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6 Tips for Postemergence Application of Pre-Emergence Corn Herbicides

6 Tips for Postemergence Application of Pre-Emergence Corn Herbicides

One of the problems with a wet start to the season when planting gets compressed into short periods is the lack of time to apply preemergence herbicides and 28% before corn emerges. Most pre-emergence corn herbicides can be applied to emerged corn, and some of them have enough foliar activity to control small, emerged weeds without the need to add postemergence (post) herbicides. In addition, the majority of the corn hybrids are resistant to glyphosate and/or glufosinate (Liberty), which can be combined with pre-emergence herbicides to control weeds emerged at the time of application. It’s also possible to mix in some other post herbicides such as Impact, dicamba, 2,4-D, Capreno, etc., to control emerged weeds, instead of glyphosate or Liberty. Some issues to be aware of with regard to postemergence application of preemergence herbicides follow.

  • Only a few herbicides can be applied using 28% as the spray carrier. These are Degree, Degree Xtra and Bullet. Degree Xtra and Degree can be applied in 28% on corn up to 6 in. tall, when air temperatures are less than 85° F. Bullet can be applied to corn up to 5 in. with the same temperature restriction. Expect some leaf burn from these mixtures. All other herbicides must be applied using water as the spray carrier.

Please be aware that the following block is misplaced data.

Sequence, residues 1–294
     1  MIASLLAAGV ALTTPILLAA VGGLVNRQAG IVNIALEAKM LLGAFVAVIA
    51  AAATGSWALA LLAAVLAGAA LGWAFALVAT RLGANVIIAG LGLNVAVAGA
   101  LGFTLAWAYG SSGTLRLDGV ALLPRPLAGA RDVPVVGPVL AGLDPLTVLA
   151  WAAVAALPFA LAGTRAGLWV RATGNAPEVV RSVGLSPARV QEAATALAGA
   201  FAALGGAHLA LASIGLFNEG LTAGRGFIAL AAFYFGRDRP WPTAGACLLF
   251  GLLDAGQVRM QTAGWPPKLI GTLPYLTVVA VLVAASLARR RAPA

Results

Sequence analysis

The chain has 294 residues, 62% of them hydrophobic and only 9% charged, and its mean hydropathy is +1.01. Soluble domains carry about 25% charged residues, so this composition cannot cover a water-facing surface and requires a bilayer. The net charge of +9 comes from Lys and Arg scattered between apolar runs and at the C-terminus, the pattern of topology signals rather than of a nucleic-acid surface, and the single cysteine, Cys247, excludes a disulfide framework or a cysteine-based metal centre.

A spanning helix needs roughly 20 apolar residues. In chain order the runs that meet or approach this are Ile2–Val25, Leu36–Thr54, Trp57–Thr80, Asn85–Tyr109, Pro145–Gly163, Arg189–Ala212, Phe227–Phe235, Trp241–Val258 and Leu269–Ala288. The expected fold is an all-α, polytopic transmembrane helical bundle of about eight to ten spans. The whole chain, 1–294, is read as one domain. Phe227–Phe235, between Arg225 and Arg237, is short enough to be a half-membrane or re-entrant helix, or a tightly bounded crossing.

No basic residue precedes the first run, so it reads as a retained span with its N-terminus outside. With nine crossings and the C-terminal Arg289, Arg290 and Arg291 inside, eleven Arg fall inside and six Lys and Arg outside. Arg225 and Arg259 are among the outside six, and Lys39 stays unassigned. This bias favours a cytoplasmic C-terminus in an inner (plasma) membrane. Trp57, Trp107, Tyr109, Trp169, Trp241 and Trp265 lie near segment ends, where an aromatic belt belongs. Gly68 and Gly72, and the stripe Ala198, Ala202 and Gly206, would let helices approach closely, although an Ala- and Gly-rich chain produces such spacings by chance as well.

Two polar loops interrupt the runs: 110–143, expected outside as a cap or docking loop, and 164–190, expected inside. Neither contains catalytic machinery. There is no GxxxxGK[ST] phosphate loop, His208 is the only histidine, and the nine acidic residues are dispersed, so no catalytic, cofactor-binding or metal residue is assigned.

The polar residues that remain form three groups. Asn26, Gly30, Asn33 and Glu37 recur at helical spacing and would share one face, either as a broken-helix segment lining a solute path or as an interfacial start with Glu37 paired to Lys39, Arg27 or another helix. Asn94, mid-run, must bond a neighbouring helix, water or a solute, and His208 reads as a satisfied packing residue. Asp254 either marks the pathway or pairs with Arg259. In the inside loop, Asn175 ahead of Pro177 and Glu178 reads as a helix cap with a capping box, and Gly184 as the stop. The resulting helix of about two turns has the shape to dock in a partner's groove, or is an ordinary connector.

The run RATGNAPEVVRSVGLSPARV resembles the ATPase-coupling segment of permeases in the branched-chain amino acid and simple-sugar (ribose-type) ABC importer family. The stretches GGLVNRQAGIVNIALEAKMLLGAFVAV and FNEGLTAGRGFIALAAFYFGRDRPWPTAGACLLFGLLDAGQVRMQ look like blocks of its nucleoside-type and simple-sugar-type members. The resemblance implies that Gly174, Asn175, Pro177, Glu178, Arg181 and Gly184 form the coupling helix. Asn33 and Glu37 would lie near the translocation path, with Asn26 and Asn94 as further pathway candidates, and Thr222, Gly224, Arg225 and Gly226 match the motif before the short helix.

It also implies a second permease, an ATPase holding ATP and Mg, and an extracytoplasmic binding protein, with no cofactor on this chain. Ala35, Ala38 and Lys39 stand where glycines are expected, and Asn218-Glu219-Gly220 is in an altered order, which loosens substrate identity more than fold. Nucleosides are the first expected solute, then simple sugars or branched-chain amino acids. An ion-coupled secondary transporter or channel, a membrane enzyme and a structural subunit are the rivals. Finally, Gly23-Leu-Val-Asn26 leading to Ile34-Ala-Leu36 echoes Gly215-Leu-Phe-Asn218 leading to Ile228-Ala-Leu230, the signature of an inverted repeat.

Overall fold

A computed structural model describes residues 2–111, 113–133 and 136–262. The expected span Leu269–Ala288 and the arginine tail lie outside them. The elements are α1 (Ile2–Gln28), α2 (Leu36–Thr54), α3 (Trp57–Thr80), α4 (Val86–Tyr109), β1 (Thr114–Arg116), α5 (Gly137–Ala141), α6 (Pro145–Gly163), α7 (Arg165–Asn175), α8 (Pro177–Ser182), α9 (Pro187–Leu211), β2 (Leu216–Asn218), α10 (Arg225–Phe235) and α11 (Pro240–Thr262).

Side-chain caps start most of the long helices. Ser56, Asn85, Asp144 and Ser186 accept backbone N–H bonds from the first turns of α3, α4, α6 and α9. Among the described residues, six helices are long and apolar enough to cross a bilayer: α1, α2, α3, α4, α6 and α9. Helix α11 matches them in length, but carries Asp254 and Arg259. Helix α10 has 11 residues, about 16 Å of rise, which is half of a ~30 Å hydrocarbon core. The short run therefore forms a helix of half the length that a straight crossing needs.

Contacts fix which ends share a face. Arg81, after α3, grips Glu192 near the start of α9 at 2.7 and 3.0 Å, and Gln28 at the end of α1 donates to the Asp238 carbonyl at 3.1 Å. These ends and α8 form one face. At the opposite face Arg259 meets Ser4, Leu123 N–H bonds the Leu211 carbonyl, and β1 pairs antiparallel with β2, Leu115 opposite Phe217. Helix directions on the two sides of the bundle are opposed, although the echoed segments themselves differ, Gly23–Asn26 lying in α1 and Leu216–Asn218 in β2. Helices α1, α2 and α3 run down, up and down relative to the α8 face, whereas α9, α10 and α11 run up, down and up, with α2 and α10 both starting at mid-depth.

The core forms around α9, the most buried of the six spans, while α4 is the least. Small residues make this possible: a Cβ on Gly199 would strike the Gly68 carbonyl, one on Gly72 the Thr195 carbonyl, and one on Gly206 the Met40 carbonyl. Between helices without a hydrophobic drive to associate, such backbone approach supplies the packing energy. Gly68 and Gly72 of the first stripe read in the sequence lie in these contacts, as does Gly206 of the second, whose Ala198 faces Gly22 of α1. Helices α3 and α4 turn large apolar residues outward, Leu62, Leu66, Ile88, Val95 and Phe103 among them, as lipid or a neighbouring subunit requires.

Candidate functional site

• There is usually a maximum corn size specified, which can be based on growth stage or corn height. This can be as small as the V2 stage for some herbicides, such as Corvus and Balance Flex.
  • Most premixes or tank mixtures that contain atrazine can adequately control small broadleaf weeds, and especially those that contain another broadleaf herbicide (e.g. Lexar, Lumax, Instigate, SureStart). Grasses more than about an inch tall will require the addition of glyphosate, Liberty or other herbicide with effective grass activity.
  • Follow adjuvant recommendations closely to minimize the risk of injury and do not assume that it is always possible to use an adjuvant once corn has emerged.


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  • Based on research with this type of approach to herbicide management, herbicides should be applied when weeds are less than about 2 in. tall to ensure that they have been prevented from causing yield loss.
  • Further information can be found on herbicide labels and also in the herbicide descriptions in the “Weed Control Guide for Ohio and Indiana.” However, we find that labels can lack enough information on adjuvants and tankmix partners for this situation. Be sure to check with dealers and manufacturer/distributor agronomists to get specific information when necessary.


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